Americans know Ralph Waldo Emerson as a key philosopher of the American Transcendentalist Movement, which has a patriotic ring to it due to the ideas of self-reliance that Emerson lectured upon and wrote about and his friend Henry David Thoreau embodied by living simply on Emerson's Walden Pond. Emerson was called the "Sage of Concord", the home of the American Revolution where he and his friends started an ideal American university that preached universalism and human intellect freedom.
In 1836, Emerson met with
Frederic Henry Hedge
to plan periodic gatherings of other like-minded intellectuals in Concord. This was the beginning of the
, which invited women to be members.
, Elizabeth Hoar and Sarah Ripley were early members of the Club along with Henry David Thoreau.
The Transcendental Club began to publish its flagship journal, The Dial, in July 1840 with George Ripley as the manager and Margaret Fuller as the first editor. Later, Emerson took over the journal utilizing it to promote talented young writers including Ellery Channing and Henry David Thoreau. Horace Greeley described the journal as the "most original and thoughtful periodical ever published in this country."
In 1841, Emerson published Essays, his second book, which included the famous essay "Self-Reliance." This book, and its popular reception, laid the groundwork for his international fame. Bronson Alcott and Charles Lane purchased a farm in Harvard, Massachusetts in 1843 for what would become Fruitlands, a community based on the Utopian ideals inspired by Self-Reliance.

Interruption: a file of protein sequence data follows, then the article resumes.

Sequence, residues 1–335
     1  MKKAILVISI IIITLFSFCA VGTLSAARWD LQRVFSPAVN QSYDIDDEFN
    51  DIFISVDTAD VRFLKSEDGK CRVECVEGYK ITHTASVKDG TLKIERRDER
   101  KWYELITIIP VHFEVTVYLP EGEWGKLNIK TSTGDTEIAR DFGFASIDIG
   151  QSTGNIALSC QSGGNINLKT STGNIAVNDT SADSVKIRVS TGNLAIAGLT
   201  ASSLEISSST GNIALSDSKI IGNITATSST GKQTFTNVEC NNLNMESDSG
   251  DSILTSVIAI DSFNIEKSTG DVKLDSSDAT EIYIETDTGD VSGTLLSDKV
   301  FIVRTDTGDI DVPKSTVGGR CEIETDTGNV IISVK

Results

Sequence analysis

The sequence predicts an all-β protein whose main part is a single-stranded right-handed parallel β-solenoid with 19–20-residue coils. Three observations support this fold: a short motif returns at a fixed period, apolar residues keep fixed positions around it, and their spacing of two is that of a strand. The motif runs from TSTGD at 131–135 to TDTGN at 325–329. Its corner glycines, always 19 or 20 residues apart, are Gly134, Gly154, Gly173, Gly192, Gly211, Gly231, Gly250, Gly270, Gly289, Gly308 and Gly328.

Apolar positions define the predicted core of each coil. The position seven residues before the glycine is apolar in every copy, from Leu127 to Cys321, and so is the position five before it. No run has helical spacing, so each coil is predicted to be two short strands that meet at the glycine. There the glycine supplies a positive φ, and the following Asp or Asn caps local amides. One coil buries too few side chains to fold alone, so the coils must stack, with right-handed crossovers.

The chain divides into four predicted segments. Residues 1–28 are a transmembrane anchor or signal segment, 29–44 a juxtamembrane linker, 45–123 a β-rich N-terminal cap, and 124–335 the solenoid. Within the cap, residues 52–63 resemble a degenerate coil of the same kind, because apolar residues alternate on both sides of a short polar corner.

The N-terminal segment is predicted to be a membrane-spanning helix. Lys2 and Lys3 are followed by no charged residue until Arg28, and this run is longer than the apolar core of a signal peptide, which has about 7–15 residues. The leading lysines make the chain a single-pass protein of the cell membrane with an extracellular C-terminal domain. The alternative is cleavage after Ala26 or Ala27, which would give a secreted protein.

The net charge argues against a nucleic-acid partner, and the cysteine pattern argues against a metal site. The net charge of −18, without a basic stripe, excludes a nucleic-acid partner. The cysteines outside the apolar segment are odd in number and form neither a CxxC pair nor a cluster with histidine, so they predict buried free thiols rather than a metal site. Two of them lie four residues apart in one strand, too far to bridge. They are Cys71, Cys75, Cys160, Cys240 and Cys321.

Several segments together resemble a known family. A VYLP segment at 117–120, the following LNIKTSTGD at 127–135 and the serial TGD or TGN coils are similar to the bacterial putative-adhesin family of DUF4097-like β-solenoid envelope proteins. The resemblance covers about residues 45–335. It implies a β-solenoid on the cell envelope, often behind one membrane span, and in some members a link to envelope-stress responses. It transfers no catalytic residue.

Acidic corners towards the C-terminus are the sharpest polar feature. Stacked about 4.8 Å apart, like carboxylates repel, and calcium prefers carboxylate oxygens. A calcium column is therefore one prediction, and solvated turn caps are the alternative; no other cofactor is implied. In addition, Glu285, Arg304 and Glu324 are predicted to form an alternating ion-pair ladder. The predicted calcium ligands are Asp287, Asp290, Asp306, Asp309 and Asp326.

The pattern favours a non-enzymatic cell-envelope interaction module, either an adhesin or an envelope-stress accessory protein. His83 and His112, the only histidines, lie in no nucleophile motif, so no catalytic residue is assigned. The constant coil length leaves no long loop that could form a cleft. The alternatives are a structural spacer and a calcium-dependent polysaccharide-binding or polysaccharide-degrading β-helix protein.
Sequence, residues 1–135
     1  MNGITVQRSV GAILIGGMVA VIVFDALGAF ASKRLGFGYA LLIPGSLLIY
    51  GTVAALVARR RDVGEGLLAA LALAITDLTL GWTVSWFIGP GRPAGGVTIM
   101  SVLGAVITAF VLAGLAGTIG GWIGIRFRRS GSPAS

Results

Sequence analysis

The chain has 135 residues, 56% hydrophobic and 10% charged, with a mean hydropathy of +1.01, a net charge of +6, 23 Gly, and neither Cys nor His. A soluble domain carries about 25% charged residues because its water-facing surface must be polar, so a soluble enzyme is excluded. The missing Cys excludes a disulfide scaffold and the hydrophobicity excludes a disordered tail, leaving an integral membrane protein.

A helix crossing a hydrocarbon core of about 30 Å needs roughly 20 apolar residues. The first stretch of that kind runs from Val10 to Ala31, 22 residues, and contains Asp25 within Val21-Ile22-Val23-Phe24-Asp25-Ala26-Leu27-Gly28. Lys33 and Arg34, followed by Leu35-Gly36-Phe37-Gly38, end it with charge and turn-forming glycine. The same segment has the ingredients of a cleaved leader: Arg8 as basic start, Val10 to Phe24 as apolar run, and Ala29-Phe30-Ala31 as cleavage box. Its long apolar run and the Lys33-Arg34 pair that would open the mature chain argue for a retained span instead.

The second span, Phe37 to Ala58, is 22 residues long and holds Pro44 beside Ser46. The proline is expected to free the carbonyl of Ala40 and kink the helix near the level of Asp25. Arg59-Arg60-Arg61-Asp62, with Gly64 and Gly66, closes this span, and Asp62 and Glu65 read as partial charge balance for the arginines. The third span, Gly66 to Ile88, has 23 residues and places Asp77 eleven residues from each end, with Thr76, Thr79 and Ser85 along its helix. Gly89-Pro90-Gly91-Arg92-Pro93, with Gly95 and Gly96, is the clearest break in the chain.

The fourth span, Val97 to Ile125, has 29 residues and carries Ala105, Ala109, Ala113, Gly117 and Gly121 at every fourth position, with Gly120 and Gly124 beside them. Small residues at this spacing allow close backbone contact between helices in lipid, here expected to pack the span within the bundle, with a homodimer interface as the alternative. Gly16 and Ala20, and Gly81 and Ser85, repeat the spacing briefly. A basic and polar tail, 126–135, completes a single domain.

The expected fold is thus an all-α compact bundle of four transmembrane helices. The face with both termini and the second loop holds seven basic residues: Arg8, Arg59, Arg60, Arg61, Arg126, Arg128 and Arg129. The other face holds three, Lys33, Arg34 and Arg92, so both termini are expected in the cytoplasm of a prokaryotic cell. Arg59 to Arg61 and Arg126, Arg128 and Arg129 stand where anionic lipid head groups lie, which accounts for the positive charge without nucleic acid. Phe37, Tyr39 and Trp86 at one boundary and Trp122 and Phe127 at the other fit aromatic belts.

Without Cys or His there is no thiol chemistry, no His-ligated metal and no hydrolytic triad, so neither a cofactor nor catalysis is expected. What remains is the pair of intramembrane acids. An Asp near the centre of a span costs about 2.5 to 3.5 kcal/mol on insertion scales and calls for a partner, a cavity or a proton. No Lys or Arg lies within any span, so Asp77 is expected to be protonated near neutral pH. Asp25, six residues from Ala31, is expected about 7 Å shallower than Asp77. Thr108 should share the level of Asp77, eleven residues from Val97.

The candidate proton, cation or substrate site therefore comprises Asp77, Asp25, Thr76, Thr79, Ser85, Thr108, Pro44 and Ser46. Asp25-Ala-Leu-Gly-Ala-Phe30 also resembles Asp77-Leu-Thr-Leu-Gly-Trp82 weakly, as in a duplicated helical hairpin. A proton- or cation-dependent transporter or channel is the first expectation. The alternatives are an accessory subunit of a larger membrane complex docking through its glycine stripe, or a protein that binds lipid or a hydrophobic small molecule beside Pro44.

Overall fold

Emerson made a living as a popular lecturer in New England and much of the rest of the country. He would give as many as 80 lectures per year and would eventually give over 1,500 lectures in his lifetime. In 1871, Emerson gave a series of lectures entitled, Natural History of the Intellect, which came to be called the Cambridge Course. This set of seventeen lectures was the longest sustained speaking engagement of his career and the most complex thematic material he had ever attempted to deliver in a public forum. He considered these lectures to be the "chief task of his life."
Emerson's seven volumes of essays, two books of poetry, and 1500 lectures made him one of the most well-known and beloved men of letters of his time. His profound influence on writers such as Hawthorne, Melville, Whitman, and Dickinson earned him the title of "Father of American Culture."